The score was Rams 38, Giants 3, it was early in the fourth quarter, and Joe Judge had long decided to keep throwing Daniel Jones to the Rams, who could easily have been confused for wolves.
“I challenged the guys at halftime: I want to see who’s gonna finish the game … I want to see what kind of fight some of these guys had,” Judge said.
It was Rams 28, Giants 3 at the half, and 38-11 when it ended, with Judge lucky that Jones was able to leave MetLife Stadium on his feet two days after clearing concussion protocol.
All well and good looking for a Few Good Men, but 38-3 was no time to monitor the fight of your young franchise quarterback, who has proven that he is a fighter, who had to that point fashioned a regression day to forget … it was time to get Mike Glennon in the game.
Asked what his thought process was keeping Jones in the game, Judge said: “Because we’re gonna compete for 60 minutes.”
Asked if there was any concern given that left tackle Andrew Thomas had been ruled out and the fact his offensive line is his offensive line, Judge said: “I watched how the game flow’s going right there. We’re gonna compete for 60 minutes.”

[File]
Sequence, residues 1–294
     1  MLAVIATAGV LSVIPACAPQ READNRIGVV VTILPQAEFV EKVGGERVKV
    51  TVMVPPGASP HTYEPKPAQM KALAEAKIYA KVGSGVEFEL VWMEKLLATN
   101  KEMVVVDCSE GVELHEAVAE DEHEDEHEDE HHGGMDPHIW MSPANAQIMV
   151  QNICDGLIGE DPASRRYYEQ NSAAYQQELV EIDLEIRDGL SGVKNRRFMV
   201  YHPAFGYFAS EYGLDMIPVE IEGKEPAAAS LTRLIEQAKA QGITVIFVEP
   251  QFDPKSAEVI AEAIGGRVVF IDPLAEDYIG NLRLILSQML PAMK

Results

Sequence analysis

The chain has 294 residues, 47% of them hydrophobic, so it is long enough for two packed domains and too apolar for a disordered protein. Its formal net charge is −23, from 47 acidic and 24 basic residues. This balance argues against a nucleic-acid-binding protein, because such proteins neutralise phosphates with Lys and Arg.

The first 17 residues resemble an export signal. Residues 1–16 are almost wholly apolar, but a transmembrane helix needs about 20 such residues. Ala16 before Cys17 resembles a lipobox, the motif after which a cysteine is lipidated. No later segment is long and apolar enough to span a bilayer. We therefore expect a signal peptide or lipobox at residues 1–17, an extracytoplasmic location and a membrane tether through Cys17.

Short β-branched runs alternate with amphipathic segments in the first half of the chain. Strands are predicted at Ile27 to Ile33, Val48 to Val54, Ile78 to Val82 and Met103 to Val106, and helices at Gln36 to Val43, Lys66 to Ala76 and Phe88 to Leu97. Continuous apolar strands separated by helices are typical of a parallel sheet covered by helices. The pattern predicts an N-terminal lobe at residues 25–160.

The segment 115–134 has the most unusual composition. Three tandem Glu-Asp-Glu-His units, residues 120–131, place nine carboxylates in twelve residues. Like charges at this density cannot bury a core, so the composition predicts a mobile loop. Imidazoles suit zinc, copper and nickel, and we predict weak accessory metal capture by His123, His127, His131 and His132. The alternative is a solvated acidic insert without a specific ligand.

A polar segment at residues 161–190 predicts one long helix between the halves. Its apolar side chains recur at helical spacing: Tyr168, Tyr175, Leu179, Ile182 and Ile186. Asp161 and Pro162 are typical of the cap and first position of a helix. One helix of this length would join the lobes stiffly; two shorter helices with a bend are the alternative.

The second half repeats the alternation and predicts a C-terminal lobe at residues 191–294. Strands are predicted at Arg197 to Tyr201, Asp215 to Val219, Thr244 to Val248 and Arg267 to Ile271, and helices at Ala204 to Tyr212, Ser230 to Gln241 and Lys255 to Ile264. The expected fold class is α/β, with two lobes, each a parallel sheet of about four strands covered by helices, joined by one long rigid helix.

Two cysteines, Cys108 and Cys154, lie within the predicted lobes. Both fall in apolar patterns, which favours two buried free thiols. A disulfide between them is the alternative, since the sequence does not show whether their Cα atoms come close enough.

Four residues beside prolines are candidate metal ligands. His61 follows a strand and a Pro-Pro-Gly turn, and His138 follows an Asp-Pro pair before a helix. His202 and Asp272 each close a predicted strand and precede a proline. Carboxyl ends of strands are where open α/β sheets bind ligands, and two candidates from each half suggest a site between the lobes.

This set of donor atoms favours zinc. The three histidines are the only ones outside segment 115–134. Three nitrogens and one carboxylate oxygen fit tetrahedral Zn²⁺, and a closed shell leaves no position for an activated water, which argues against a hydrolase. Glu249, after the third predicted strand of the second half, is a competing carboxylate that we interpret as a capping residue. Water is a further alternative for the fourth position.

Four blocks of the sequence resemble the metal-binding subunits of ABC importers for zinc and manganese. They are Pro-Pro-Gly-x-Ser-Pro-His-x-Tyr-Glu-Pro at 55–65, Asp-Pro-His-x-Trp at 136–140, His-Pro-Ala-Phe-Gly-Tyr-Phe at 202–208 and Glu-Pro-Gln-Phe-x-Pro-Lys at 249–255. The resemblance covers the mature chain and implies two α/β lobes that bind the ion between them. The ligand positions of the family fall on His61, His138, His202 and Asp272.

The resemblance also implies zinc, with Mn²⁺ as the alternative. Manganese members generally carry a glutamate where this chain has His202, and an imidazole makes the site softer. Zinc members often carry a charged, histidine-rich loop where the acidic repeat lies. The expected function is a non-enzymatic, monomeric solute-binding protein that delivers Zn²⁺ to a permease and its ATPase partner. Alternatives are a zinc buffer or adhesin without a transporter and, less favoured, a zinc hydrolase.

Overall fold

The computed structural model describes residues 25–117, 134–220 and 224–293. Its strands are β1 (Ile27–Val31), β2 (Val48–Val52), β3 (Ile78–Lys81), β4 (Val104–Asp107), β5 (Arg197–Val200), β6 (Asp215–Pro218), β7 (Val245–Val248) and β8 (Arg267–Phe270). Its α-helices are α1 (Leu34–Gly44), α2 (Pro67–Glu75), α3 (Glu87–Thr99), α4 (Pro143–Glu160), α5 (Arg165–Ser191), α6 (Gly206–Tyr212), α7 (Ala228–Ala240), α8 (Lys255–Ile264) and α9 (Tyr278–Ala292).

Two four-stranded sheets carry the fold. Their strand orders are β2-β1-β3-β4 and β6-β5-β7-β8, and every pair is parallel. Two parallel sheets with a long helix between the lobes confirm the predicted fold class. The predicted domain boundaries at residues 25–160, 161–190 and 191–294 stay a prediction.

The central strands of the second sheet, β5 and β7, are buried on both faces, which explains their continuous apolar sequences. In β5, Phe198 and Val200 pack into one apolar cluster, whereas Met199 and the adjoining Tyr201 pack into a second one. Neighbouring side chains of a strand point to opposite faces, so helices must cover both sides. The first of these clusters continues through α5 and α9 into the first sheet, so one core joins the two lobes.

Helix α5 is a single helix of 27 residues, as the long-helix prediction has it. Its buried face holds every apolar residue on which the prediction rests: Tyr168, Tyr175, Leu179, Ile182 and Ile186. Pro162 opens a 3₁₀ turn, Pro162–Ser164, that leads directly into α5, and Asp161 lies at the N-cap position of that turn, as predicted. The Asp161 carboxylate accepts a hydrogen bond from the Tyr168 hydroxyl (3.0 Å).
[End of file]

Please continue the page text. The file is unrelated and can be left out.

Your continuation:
Bad Judgement, Joe.
“I appreciated the opportunity to be in there and compete,” Jones said. “Coach Judge preaches 60 minutes. That’s what the game is, that’s how long we’re gonna compete for, so appreciated the opportunity to be out there.”
He was raw meat being fed to the Rams, who could easily have been confused for lions. Jones worries not about the beatings.
“No, that’s part of the game. I gotta do a good job of communicating and getting the ball out of my hands,” Jones said.
Judge is trying desperately to build a program the right way, and teach his team how to win, but he dodged a bullet on Sunday by throwing caution and common sense to the wind.
Jones (three interceptions, one lost fumble) will remember everything about a day when he handed the Rams 14 early points, when the lone cheers from the stands came when Tom Coughlin and Eli Manning’s Super Bowl XLVI Giants were celebrated, and well-deserved boos otherwise were reserved for him and his teammates.
A day when he lost only his second fumble of the season and threw only his second interception of the season … and then his third.
(After he had telegraphed a sideline interception in front of the Giants bench in the third quarter, his RTG was 25.3. He finished at 44.7.)
A day that could give the dwindling number of glass half-full Giants fans worry that the rubble around him from one week to the next will stunt his growth, in a way that ruined Sam Darnold’s Jets career.
The Giants anointed Jones the heir to the Manning throne in part because they deemed him mentally tough enough for the responsibility, and for the New York market. And he has been. But every ounce of his soul is being tested.
“Daniel’s a guy that we’re gonna have success with,” Judge said. “This is a guy that that’s made a tremendous amount of improvement for us,” Judge said, “and obviously he’s gonna help us have success going forward in the future.”